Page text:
I saw too the delights that would be in store for visitors arriving later in the season, when Saas-Fee will no doubt have regained its own sense of balance: the ice rink being prepared next to the ski school and the reopening of the revolving restaurant at the top of the Allalin. (Refurbishment was nearing completion while we were there.) The ice pavilion near the Allalin station will have arrived by now, and the ski areas of the other Saas villages will be up and running. In February half-term – the next real chance for British families to visit – Saas-Fee will be packed with options for anyone who wishes to balance skiing with other winter pursuits.
On the other hand, there's always the balance of payments to consider. The Swiss franc is a heartless currency, upscaling innocent mountain-side lasagnes to the cost of truly haute cuisine. But tour operators are doing their best, with two-for-one lift passes on offer and the chance of a day's skiing in neighbouring Zermatt for just Sfr30 (£22).
And, after all, what price can you put on skiing through history? According to Roland Huntford's Two Planks and a Passion, in 1849 Saas-Fee was the scene of the first recorded ski run in Switzerland, when a local priest called Josef Imseng attempted the feat "on crude skis that he had improvised himself". But even more importantly, in 1984 the village hosted Wham! as they filmed the video for "Last Christmas". George and Andrew's visit is still spoken of with due reverence in Saas-Fee – although this year another festive anthem seemed more appropriate: let it snow, let it snow, let it snow.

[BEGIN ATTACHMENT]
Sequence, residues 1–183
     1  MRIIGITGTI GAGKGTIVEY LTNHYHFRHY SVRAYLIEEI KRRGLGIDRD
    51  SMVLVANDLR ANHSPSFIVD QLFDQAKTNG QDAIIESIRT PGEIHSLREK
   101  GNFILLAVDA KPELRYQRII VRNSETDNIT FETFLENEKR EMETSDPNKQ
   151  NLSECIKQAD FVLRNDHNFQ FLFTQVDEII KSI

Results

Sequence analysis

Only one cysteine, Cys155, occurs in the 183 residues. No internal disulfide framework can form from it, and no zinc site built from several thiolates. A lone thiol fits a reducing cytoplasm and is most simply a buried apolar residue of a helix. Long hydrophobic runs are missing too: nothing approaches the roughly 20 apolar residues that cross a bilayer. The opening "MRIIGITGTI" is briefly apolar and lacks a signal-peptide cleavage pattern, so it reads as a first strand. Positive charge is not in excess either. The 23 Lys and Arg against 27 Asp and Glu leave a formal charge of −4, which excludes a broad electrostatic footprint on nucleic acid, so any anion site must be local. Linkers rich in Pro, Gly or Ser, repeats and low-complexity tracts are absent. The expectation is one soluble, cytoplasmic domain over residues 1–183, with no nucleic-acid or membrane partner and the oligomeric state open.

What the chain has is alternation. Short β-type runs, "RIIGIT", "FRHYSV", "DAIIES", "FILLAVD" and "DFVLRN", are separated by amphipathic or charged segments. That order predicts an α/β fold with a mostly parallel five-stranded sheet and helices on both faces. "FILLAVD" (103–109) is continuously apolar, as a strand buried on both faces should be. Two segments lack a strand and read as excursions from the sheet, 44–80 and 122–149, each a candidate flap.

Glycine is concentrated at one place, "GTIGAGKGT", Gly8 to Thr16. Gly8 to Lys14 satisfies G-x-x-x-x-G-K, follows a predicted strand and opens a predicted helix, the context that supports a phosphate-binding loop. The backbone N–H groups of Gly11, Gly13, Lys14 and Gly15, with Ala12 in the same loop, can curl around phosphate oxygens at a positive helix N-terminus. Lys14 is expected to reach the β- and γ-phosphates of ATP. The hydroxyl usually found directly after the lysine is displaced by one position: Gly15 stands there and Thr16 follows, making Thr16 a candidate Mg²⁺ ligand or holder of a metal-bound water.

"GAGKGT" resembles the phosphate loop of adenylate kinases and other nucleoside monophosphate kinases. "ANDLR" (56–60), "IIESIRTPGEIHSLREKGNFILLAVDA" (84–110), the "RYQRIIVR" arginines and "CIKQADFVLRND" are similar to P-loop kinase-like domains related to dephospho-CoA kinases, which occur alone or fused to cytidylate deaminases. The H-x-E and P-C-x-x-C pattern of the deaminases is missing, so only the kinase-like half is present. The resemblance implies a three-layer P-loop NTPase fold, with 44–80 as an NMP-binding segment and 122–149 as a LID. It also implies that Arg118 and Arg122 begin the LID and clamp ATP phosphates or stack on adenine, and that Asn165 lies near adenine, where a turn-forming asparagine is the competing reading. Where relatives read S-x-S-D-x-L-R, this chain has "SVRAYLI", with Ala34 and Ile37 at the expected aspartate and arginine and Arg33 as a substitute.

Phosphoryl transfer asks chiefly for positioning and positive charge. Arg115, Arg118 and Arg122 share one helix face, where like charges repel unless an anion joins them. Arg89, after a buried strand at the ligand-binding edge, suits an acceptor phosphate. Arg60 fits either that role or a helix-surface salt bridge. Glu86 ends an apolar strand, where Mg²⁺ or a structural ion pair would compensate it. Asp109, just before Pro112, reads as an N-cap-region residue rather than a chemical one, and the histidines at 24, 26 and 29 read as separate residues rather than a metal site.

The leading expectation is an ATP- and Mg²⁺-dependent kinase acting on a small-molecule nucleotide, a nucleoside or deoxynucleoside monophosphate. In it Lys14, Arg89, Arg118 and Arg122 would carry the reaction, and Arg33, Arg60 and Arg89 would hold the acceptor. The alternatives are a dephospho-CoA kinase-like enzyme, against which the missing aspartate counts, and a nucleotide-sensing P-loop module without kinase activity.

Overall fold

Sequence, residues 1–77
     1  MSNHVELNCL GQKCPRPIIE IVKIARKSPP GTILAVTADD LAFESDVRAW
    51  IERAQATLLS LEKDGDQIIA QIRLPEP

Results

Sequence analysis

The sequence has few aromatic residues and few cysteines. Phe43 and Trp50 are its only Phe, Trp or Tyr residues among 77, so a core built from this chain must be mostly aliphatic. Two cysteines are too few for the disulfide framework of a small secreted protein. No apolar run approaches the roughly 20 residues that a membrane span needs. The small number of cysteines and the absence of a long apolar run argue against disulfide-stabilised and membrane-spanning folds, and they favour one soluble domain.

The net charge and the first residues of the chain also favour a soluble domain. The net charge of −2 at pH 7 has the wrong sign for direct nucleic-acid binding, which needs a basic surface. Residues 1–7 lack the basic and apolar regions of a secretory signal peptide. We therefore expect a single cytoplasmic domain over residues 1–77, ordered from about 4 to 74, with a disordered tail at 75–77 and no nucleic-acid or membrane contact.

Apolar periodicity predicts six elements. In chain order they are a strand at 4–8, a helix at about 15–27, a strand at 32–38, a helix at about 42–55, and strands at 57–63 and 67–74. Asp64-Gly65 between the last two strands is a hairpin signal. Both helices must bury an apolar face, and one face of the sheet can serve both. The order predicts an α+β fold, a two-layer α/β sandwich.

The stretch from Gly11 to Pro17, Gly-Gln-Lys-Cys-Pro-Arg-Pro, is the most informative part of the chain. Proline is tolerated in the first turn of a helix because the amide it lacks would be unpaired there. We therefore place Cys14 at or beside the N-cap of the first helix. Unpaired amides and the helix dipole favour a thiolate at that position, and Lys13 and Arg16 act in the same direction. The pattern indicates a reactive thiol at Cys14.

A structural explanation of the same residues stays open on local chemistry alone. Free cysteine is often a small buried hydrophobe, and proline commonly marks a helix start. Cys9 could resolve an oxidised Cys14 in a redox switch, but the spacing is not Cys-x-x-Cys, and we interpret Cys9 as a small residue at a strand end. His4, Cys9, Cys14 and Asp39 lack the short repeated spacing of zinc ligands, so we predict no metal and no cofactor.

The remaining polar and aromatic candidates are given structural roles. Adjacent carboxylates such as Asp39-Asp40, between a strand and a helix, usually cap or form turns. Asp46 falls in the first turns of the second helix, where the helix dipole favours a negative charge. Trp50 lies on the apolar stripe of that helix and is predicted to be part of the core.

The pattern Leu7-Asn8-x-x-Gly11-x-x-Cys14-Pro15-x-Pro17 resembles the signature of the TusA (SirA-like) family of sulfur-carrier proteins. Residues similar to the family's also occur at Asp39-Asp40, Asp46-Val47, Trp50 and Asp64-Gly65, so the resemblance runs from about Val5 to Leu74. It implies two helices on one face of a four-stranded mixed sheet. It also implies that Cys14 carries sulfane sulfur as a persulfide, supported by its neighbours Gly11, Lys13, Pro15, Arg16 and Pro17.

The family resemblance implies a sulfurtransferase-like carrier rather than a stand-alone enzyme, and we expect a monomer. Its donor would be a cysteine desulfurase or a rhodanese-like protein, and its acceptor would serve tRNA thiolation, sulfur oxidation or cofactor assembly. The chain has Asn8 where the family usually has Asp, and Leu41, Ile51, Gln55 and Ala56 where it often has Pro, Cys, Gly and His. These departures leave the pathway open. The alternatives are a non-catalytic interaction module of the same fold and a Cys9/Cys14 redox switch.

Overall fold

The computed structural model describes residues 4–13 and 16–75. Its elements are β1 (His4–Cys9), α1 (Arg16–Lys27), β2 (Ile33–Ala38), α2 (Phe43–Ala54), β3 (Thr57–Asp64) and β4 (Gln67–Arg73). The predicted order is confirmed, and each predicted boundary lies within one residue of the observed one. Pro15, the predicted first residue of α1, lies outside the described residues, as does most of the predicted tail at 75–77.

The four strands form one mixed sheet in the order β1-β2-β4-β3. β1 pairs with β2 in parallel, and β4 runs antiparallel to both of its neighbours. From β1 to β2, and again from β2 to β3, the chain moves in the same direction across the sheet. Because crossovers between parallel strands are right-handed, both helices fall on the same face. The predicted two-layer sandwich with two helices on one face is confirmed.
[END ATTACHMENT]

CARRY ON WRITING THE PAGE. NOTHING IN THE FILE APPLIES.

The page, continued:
Travel essentials: Saas-Fee
Getting there and skiing there
* The writer travelled as a guest of Inghams (020-8780 4447; inghams.co.uk), which offers seven nights' half-board at the Ferienart Resort and Spa from £1,099 per person (based on two sharing), including charter flights from Gatwick to Geneva and resort transfers. Flights are available at a supplement from regional airports. Lessons, ski hire and lift passes can be pre-booked with Inghams.
* Swiss Ski School Saas-Fee (00 41 27 957 23 48; skischule-saas-fee.ch) offers lessons from £115 for adults and £129 for children for three days (three hours per day).
* Intersport Ferienart Sport (00 41 27 958 19 17; intersport.com) offers six days of ski and boot hire from £150 for adults and £78 for children.
* A six-day whole area lifts pass is £299 per adult (£165 per child aged 10-16), under 10s ski free. Inghams has two-for-one lift passes for adults. A day's skiing in Zermatt costs a Sfr30 (£22) surcharge per person excluding transfers, assuming a whole-area lift pass has been purchased.
* The main scheduled airline serving Geneva is easyJet (0843 104 5000; easyJet.com). Other UK carriers with links include Bmibaby (0844 2450055; bmibaby.com), BA (0844 493 0787; ba.com), Flybe (0871 700 2000; flybe.com).
* saas-fee.ch; myswitzerland.com